WITH THE increasing popularity of Scandinavian, French, and German drama series among English speaking audiences, more and more people are open to and curious to check out films that are not in the English language.
A great access point to some terrific Continental European films - popular, accessible comedies and dramas, which were huge hits in their own countries - is the Subtitle European Film Festival, which makes a welcome return to Galway this month.
The festival runs from Friday January 27 to Sunday 29 and will screen 10 films across the three days. It opens on Friday 27 at 6.45pm with Dutch film Layla M, which charts a young Dutch Muslim’s fierce determination to find her own place in the world. Her search for acceptance encourages her to lose herself in the teachings of Islam, and from there begins a story of magnetic power.
Screening at 9pm is Polish film, The Last Family, which explores the intertwining lives of the Beksinski family, including Zdzislaw Beksinski, one of Poland’s most famous 20th century painters, as well as his son Tomasz, a renowned translator and radio journalist.
Saturday's screenings start at 12 noon with Czech film, Lost In Munich, Peter Zelenka’s hilarious mockumentary, offering new theories about the 1938 Munich agreement, which forced Czechoslovakia to cede much of its border region to Nazi Germany.
Romanian film, Illegitimate, winner of the coveted Jury Award at the Odessa Film Festival, will be shown at 2pm. A dysfunctional family drama from director Adrian Sitaru, it addresses different taboos in society and how they are shaped.
From Deutschland 83 director Edward Berger, comes Jack, at 4pm. A beautifully made film focussing on the devastation paternal rejection can generate, it observes Jack evolve from a child with adult responsibility into a young adult whose eyes have finally been opened.
At 6pm comes About Love from leading Russian director Anna Melikyan. An almanac of contemporary romantic stories set in a bustling Moscow, it features the cream of Russian acting talent, and an hilarious cameo from Game Of Thrones' Yuri Kolokolnikov.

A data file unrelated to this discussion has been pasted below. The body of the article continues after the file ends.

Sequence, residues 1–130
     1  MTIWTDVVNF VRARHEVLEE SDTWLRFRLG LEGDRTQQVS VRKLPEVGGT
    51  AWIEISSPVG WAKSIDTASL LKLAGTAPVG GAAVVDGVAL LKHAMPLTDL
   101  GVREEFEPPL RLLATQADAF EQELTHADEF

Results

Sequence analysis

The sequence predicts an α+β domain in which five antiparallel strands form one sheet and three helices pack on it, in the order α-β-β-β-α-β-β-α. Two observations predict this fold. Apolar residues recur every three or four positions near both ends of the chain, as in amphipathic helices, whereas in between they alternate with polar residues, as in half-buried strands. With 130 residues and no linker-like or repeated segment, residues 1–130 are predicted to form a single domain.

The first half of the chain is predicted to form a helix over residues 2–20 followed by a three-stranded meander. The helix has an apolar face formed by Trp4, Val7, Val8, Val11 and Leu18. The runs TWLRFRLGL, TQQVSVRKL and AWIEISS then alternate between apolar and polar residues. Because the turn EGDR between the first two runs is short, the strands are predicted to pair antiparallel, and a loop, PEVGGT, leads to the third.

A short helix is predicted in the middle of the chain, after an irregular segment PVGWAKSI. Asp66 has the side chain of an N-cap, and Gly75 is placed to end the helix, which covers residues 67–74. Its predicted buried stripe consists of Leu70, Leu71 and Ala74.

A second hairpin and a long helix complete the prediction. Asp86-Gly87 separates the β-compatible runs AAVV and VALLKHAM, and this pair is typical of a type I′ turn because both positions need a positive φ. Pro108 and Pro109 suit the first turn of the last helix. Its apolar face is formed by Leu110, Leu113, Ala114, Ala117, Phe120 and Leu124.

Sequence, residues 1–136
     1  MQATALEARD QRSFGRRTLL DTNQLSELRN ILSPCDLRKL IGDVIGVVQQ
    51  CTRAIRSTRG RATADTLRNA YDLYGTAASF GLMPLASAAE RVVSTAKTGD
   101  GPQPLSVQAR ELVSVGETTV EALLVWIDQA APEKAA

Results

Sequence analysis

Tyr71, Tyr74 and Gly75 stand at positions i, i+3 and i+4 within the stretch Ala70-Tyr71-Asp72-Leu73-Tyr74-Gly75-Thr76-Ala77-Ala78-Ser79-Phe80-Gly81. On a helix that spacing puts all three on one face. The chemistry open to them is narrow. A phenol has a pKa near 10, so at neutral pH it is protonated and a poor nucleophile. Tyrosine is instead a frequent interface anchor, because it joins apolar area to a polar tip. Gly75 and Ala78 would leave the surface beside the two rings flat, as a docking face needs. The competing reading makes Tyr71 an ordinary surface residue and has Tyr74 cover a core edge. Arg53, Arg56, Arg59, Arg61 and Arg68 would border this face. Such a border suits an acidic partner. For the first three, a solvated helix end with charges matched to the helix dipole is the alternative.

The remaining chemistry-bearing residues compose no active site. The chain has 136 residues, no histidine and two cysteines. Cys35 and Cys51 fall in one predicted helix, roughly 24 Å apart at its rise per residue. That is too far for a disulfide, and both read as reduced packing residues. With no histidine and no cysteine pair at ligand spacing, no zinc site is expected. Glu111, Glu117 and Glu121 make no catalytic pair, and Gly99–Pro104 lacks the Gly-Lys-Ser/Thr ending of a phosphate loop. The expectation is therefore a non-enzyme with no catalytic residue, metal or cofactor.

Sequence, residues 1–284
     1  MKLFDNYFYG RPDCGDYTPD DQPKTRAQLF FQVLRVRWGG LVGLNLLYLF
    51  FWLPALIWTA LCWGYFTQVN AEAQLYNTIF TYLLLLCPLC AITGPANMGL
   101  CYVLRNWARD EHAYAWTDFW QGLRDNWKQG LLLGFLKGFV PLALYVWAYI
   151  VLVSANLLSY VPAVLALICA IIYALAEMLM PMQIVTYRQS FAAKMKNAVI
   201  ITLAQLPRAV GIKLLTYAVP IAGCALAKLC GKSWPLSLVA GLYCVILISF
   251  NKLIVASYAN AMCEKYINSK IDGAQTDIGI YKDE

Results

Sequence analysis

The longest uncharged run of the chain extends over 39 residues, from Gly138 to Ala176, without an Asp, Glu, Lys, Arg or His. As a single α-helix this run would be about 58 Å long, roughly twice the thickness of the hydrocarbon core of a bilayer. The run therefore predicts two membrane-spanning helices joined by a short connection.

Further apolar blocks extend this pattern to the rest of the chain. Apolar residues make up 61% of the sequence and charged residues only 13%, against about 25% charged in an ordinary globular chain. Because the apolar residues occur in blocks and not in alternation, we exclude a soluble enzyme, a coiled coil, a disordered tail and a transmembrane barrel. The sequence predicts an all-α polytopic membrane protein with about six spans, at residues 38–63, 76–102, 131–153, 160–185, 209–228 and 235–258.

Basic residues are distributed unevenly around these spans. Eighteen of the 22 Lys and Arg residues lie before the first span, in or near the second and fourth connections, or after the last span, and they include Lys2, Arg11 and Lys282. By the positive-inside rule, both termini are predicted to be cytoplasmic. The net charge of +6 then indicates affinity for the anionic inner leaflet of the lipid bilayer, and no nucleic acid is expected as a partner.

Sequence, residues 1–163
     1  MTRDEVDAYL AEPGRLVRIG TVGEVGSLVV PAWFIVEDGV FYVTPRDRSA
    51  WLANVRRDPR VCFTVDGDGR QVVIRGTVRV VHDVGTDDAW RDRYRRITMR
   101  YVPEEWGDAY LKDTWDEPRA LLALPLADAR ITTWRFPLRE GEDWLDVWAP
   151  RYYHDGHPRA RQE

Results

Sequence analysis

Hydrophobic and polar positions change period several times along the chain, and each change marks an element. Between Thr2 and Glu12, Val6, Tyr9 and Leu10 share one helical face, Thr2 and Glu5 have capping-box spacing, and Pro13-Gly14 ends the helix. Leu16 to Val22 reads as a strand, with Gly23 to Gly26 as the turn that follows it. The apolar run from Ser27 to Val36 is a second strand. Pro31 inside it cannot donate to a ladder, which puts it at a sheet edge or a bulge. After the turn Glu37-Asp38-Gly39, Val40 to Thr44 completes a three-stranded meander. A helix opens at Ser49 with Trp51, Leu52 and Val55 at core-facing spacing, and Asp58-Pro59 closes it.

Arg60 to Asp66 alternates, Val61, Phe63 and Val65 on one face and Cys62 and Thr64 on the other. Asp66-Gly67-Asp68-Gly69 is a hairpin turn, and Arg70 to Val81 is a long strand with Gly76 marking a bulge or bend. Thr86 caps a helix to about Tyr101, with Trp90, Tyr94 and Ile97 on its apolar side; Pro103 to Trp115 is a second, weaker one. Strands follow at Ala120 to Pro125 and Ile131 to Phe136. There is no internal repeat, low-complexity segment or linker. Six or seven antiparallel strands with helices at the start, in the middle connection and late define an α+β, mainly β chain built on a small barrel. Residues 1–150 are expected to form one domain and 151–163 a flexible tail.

Saturday concludes with the 8.30pm screening of Finnish film, The Happiest Day In The Life Of Olli Mäki, Juho Kuosmanen’s outstanding debut feature, which won the top prize in the Un Certain Regard section at this year’s Cannes Film Festival. Shot in black and white, and inspired by the true story of Finland’s most successful boxer from the 1960s, it is a beautiful and powerful film about love and choice.
Sunday's first screening is at 1pm with Georgian film Corn Island. Shortlisted for an Oscar in 2014, this fable of life and death set in dreamy landscapes is an exquisitely made film that draws audiences into its elegant and bewitching world.
Danish film Land Of Mine, at 3.15pm, is the gripping story of a group of young German soldiers captured by Danish forces at the end of WWII, who are given a deadly task - removing the mines they themselves had set along the Danish coast.
The closing film at 5.15pm is the French comedy The Closet. An accountant for a rubber factory is about to lose his job, so he spreads a rumour he is gay so tthe company will be afraid to fire him, lest it be accused of sexual discrimination.
Tickets are available from the Town Hall on 091 - 569777 or www.tht.ie Tickets for individual films are €9/8 while a weekend pass to see all films is €55/50.
To watch trailers for the above films see www.advertiser.ie/galway/entertainment/cinema